Sarah Hirst wants you to know she's just like any other mum.?
She takes her kids to the park, she negotiates with them when they don't want to leave and she enjoys a much needed glass of wine on the days when parenting feels hard.?
The only difference is, Sarah is legally blind and has been her whole life.
But what she really wants you to know, is that being blind doesn't mean she can't parent her two and four-year-olds ¨C she just does it in a different way to many other mums.
Watch the video above.?
Just like any other mum?
The 35-year-old says sometimes people "do a bit of a double take" when they see she is blind AND a mum, but she's hoping they can "get their head around the fact that I'm doing things a little bit differently to get things done."
Hirst has told 9Honey Parenting, "there's always ways of doing things outside the box and someone with blindness and low vision is perfectly capable as much as the next person of being an excellent parent and finding a work-around."
The mum-of-two is assisted by Guide Dog Zali who helps her get to work by day and be a pet to her kids by night.?
"Zali's main job is obstacle avoidance, so she's helping me to find things, find the stairs, find the train, find the office, find a good coffee, whatever you want to train the dog to locate."
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The benefits of a Guide Dog?
Hirst says a "handy quirk" of having Zali is that she's also been trained to "find or follow" her kids when they go out to the park.
"So often if we're out I might be holding one of my kids hands, my partner might have the other one and I can just say 'Zali follow' and she'll follow my partner or follow one of the kids so we can stick together."
But she says the park is also the place she experiences a lot of social bias as well.
"Often at the park I think it challenges [other parents'] expectations when they see me show up with a cane or a guide dog."
She says often parents doubt her capabilities and try to jump in and 'parent' a situation for her.
"There was one magnificent rebellion at a play group and I'd go after him [her son] and he just kept slithering away from me and I got more and more embarrassed and instead of just letting me parent [the way she wanted], all these people kept calling to my son 'mummy's ready to go, now don't be naughty' so I went redder and redder and I became more frustrated with the people around me than I was with my toddler."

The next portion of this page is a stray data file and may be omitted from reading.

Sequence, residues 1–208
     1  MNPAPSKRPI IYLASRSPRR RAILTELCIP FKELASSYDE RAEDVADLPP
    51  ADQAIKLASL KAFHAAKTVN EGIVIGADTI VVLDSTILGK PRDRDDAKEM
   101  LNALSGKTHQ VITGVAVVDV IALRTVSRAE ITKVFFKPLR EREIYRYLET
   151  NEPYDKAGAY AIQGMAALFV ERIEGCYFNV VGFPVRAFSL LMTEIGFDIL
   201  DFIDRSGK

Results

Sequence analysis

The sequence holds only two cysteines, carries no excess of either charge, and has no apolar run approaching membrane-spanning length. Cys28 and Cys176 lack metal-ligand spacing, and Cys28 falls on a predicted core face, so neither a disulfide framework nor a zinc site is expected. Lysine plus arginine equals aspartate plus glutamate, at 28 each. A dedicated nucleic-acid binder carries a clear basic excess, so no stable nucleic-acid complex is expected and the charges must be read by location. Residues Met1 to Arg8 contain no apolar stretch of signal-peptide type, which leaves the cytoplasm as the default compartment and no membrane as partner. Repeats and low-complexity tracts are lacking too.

As a mum, Hirst understands comments like this come from a good place, but she wants people to know they also make her feel very uncomfortable.
"I felt so disempowered by the people around me not respecting me and that happens a lot. But I just try and lead by example, to help people see blindness and low vision differently."?
Hirst works as a presenter for Guide Dogs NSW and is one of the many voices in its new 'Boundless' campaign to help break down the social barriers affecting blind and low vision people.
The campaign comes after the Royal Commission's report on disability, identified segregation between people with a disability and young people.
"It's actually a bit boring in a way with how much [we are] like other families ¨C I find the barriers are very much other people's attitudes to the kids, but generally they see me out there just doing it, and it helps them realise that it's actually fine."
She wants to teach other parents that they've got a role to play "in terms of how inclusive they are and how accessible they make society", particularly when it comes to questioning her abilities.
"If you wouldn't ask it to someone who's fully sighted rule of thumb is, it's probably not a great idea to do it to someone with low vision."
How she does it ?
Sarah says she's very aware of what she is and isn't capable of as a parent and admits her home was actually the cause of most of the anxiety she had surrounding her children.?
"I was worried if they picked something up and they put something in their mouth, but then I got into that Montessori style, where you really just kind of accept that there's kids around and you've got to baby proof and toddler proof [everything]."
Hirst and her partner are now across everything that comes into their house because "it meant that when I was parenting them, I could relax knowing that they were in a safety conscious environment with a lot of things for them to engage with and climb over, but zero choke hazards".
Hirst says she's very safety conscious so that she's not held back from doing what she wants with the kids.?
"There's certain contexts where I choose to have someone with me, sometimes it's easier to do things with a friend, [to] just have that extra set of eyes, particularly in crowded areas."?
Communicating with her kids?
And she says while her kids are aware her "eyes work differently", she is having more organic conversations with them about what she can and can't do as their mum.
"The communication is really great and even with the two-and-a-half year old ¨C they'll say 'look at this' and they'll kind of give me a little donk with whatever the thing is because they know that for me, looking at something means that I do it with my hands."
She says the only thing really holding her back from parenting is other people's naivety when it comes to her vision impairment.
"I just want to be seen like any other parent, like I have my fine moments where I'm parenting amazingly and moments where I get super frustrated and I feel like pouring a glass of wine and locking myself in a cupboard."
A sentiment almost every mum can relate to.